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MG parts spares and accessories are available for MG T Series (TA, MG TB, MG TC, MG TD, MG TF), Magnette, MGA, Twin cam, MGB, MGBGT, MGC, MGC GT, MG Midget, Sprite and other MG models from British car spares company LBCarCo.

MG TD TF 1500 - Fuel Line Leak

I have a leak or perhaps a better term might be weeping at both ends of my fuel lines where they attach to the carburetors. When I loosened the bolt it appears that the problem is the fiber washers. Not seeing fiber washers on the fuel line page in the Moss catalogue I called them. I was told that on a TD no fiber washer is called for but on a MGA, MGB, and midget they are used. The washers are 5/8
david kirkpatrick

Dave,
The fitting should be a seal with a flared end. No washer needed. Just snug them down a bit once a day for a few days. They'll stop weeping.

If instead the weeping is at the banjos and bolts, a fiber washer is on both sides of those connections. Same advice, just tighten once a day until they stop leaking.

waemly,
dave
Dave Braun

http://www.mossmotors.com/Shop/ViewProducts.aspx?PlateIndexID=32749
or http://www.abingdonsparesllc.com/catpg9detail.html , item 09/63
See #17. Are they new or old? If old you may need to replace them. If new, do as Dave says and re-snug. The face of the float chamber lid has to be really flat and smooth, I have seen one that cracked as well. Sometimes calling Abingdon Spares is a better bet for advice (and some parts too) from Bobby or Bob. George
George Butz

Dave K. (there are entirely to many Daves on this forum) - Whom ever you talked to at Moss is wrong, fiber washers are used on the banjo fittings on the TD carbs. I would do as Dave B. suggests, tighten the bolts a bit each day until the leaks stop. The washers that are in place are probably just fine, it takes a lot of torque on the banjo bolts to keep those joints from leaking. Cheers - Dave D.
David DuBois

Gee, I didnít even look at the carb picture. A little disappointed in the Moss rep though. I am a little paranoid to over tighten the bolts as I would hate to strip something. Being that the washers are over 15 years old I think that I will replace as they seem a little brittle. Thanks for the quick response.
Dave K.
david kirkpatrick

There is a real problem condition. I could send you to the archives, but here's what you'd find:
"Bud Krueger, Massachusetts, USA, budkrueger@earthlink.net

Rick, here's my correspondence with Abingdon Spares about that problem. They had Joe Curto send me the correct washers:
A few weeks ago, while speaking with Bobbi, I mentioned that I think your washer #09-063 has a problem. Yesterday I dug out my vernier and made some measurements. Now I can quantify the problem. Here's what I've found.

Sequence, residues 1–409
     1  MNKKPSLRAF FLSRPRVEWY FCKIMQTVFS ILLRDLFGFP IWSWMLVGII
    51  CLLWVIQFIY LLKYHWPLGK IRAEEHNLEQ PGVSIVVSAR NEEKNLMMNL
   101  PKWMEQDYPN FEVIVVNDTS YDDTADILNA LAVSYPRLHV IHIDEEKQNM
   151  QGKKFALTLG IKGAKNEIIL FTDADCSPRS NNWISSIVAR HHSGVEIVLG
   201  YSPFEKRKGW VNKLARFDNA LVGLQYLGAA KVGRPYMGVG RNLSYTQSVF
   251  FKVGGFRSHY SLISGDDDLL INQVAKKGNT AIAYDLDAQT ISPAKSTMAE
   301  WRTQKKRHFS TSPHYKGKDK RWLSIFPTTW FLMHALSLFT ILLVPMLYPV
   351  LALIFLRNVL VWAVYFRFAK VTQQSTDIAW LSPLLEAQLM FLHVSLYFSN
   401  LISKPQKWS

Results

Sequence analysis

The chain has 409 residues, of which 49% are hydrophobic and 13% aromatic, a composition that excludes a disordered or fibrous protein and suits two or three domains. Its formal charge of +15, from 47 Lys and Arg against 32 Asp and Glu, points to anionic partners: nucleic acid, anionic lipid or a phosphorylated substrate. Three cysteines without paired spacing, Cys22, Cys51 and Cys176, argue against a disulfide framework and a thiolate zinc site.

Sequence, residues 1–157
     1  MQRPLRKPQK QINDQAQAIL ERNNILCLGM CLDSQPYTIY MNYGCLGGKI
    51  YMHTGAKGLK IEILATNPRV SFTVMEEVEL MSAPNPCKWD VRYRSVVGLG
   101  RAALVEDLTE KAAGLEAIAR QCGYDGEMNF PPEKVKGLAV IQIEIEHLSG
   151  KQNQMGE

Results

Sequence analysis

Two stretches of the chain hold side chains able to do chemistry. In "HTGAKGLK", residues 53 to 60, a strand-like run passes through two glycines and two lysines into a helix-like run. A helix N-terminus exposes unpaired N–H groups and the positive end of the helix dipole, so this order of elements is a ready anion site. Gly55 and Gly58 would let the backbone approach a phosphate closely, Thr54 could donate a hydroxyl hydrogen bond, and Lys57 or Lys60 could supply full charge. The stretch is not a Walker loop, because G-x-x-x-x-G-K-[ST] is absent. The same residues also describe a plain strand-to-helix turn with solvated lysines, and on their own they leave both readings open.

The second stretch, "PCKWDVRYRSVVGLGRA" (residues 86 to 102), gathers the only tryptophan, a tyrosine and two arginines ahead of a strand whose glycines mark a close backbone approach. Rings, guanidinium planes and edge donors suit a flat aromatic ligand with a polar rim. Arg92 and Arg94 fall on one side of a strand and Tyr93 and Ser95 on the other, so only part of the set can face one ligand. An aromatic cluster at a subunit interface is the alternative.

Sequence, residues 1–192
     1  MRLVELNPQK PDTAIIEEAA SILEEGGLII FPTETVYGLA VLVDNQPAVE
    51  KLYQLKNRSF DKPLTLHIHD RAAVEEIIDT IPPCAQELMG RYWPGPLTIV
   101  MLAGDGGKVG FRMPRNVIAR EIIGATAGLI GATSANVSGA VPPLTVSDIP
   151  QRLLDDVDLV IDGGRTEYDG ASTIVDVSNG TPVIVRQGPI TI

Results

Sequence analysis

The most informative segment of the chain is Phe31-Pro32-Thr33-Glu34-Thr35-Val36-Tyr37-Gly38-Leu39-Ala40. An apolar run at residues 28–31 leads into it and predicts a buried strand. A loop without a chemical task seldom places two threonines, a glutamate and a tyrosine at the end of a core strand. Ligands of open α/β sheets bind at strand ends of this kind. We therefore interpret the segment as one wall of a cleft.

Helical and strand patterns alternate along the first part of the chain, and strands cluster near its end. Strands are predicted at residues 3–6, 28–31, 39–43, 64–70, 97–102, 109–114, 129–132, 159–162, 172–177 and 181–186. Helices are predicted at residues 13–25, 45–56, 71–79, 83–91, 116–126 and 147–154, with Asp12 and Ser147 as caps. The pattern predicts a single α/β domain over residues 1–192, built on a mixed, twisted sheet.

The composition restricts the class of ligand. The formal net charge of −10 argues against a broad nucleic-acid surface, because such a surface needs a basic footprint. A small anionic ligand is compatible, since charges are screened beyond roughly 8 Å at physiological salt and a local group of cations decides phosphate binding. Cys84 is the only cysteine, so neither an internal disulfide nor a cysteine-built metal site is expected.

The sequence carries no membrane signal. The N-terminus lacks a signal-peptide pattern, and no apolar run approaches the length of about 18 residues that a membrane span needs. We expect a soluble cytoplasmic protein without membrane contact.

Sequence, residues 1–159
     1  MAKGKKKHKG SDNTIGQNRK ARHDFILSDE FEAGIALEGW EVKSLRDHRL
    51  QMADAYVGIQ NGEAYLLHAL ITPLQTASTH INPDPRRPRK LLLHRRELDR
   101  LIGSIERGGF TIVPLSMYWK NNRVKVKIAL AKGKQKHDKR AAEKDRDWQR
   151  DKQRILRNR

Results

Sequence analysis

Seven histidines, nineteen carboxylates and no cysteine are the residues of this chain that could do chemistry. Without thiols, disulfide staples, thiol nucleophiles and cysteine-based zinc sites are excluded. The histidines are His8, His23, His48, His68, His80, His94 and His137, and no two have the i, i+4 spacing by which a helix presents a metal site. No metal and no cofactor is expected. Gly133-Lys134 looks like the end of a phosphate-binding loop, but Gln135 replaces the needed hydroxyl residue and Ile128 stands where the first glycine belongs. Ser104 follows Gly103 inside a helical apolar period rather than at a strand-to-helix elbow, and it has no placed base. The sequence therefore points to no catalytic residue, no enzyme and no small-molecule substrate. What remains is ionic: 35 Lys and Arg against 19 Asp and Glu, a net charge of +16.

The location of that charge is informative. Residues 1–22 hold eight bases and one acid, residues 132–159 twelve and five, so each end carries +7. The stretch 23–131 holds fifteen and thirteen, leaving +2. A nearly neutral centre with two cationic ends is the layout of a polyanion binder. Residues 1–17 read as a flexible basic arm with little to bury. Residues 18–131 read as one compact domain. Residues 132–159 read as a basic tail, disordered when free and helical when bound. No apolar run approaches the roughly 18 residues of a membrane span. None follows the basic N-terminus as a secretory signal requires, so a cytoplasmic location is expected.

Two of these washers are used at the fuel inlet to each carburetor. One goes on either side of the banjo connector (09-111) or its equivalent at the end of the inter-carburetor fuel hose. One washer goes between the banjo connector and the float chamber lid (09-047) where the banjo bolt (09-061) comes out of the banjo connector. The washer has very loose tolerances for this function. It only needs to be large enough in i.d. to fit over the banjo bolt with virtually no restriction on its o.d.

It's the other side of the banjo bolt where the problem manifests itself. If you look at the banjo bolt you'll see that it has a cylindrical surface machined just below the hex head. The 'face' of this surface is what needs to be sealed by the washer. The (outer) side of the banjo connector is machined out to accept this cylindrical surface of the banjo bolt. The washer must have an i.d. that will allow it to slip over the banjo bolt (measured to be 0.652") and an o.d. that is no greater than the diameter of the cylindrical surfaced machined into the face of the banjo connector (measured to be 0.8695").

The washers that I received from you have an i.d of 0.670" and an o.d. of 0.885". An 'old' washer has an i.d. of 0.652" and an o.d. of 0.866 in. When I reinstalled my float lids, after replacing the Grose Jets, I put a new set of washers in and tightened the banjo bolts to a reasonable degree. When I turned on the fuel pump to check for leaks I had fuel all over the place. I gave the banjo bolt another twist and tried again. Still leaking. A bit more torque on the banjo bolt and the leaking stopped. Went for a short spin to see how things were working and came back to the smell of fuel. Sure enough there was fuel leaking from the banjo connection. I took things apart and had a look. The outer washer was being pinched in an attempt to fit inside of the banjo connector. Fortunately, I still had the old washers. The old ones are a nice snug fit into the banjo connector and around the banjo bolt. The new ones are very sloppy

I'm glad that I caught this when I did. I just returned from a 1700+ mile trip and would have been very unhappy if I'd had a fire under the bonnet.

Bud

Check your fiber washers ---- Bud
Bud Krueger (TD10855)

Dave K. If you are going to replace those washers, unless you are going to order other parts from Moss, the shipping on the washers will be ridiculous. Contact me at SUfuelpumps@donobi.net, I can supply the washers for cost plus postage required to send them in an envelope. Cheers - Dave
David DuBois

Gee, I didnít even look at the carb picture. A little disappointed in the Moss rep though. I am a little paranoid to over tighten the bolts as I would hate to strip something. Being that the washers are over 15 years old I think that I will replace. Thanks for the quick response.

Dave K.
david kirkpatrick

Bud, thanks for the info. The Moss rep did tell me that the OD of the fiber washers could vary by 1/16th. Makes you wonder what has happened to quality control.
david kirkpatrick

This thread was discussed between 29/07/2011 and 30/07/2011

MG TD TF 1500 index

This thread is from the archive. The Live MG TD TF 1500 BBS is active now.